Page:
Payroll Tax Policy Comparison

Wednesday 22 November, 2017 | By: Kate Whittle

Payroll tax is a direct tax on an employer for giving someone a job. Payroll tax is a tax on the fair go. It prevents young people entering the workforce, mature age workers gaining employment later in life, and acts unequivocally as an impediment to business growth.

Our modelling shows that by lifting the payroll tax threshold from $1.1 million to $1.5 million, tax relief could be offered to approximately 15,500 Queensland businesses. By lifting the payroll tax threshold, these changes will deliver 2000 direct jobs in addition to flow on effects for indirect jobs across Queensland.

We have told repeatedly Queensland political representatives and senior treasury officials that the payroll tax is absurd. We know that the tax sends a clear message to employers that it will cost them, literally. But no matter how strong the modelling demonstrates that lifting the payroll tax threshold creates positive employment outcomes, Australian State and Territory governments rely ‘more on payroll tax than other OECD countries’.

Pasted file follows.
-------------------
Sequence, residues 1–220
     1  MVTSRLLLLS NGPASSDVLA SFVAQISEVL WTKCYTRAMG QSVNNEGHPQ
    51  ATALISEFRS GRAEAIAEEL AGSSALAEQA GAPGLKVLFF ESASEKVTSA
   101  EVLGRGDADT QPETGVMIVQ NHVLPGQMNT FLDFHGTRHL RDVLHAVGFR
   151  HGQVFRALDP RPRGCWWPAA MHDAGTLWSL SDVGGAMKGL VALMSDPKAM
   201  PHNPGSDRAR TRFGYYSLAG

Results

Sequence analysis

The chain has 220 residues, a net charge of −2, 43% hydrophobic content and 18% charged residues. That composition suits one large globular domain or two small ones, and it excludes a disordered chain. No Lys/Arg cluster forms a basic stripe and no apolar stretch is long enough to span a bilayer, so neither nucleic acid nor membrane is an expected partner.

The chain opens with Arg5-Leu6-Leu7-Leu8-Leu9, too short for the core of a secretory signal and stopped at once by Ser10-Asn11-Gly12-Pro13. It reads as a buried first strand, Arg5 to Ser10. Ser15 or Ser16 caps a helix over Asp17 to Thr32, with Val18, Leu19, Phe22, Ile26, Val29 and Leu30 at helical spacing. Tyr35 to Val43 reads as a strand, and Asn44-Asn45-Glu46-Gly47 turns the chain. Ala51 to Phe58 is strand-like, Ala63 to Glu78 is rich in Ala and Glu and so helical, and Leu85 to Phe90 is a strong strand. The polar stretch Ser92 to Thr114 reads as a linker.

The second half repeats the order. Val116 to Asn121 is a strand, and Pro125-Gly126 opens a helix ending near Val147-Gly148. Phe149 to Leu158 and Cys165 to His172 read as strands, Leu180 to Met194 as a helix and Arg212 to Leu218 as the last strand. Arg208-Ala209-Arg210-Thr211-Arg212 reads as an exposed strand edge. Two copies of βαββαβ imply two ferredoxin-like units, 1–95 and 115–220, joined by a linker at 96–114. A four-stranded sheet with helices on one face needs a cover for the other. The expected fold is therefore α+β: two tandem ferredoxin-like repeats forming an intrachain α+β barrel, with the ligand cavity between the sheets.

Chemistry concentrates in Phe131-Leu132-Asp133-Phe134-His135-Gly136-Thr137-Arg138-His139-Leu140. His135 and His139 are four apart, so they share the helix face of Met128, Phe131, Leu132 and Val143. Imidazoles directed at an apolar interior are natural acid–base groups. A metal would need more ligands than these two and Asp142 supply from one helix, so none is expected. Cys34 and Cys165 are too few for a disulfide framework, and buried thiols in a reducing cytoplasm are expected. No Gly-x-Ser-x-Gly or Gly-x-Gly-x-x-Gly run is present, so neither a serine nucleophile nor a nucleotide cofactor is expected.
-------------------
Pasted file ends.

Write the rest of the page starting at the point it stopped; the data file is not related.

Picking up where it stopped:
Politicians also tell us that this is a problem for big business, not small. However, based on the average full-time wage, payroll tax captures businesses with as few as seven employees. At a rate of 4.75 per cent in Queensland, payroll tax is a strong blow to businesses without sufficient cash flow, profit, or bank balances.

What have the parties put forward on this critical issue to Queensland’s business community?

ALP Queensland: Bread and butter Labor policies

It is a great shame both for the business community and industry more broadly in Queensland, that the government of the last three years has failed to mention payroll tax threshold relief for Queensland small business during this election campaign. CCIQ acknowledges the announcements in the 2016-17 Budget for apprentice and trainee payroll exemptions, however this commitment has not been reaffirmed during the campaign, and not a single candidate in the Labor Party has mentioned payroll tax threshold relief as part of their policy platform. It is no wonder that Queensland’s employers feel as if the Labor Party either ignores their concerns, or takes them for granted.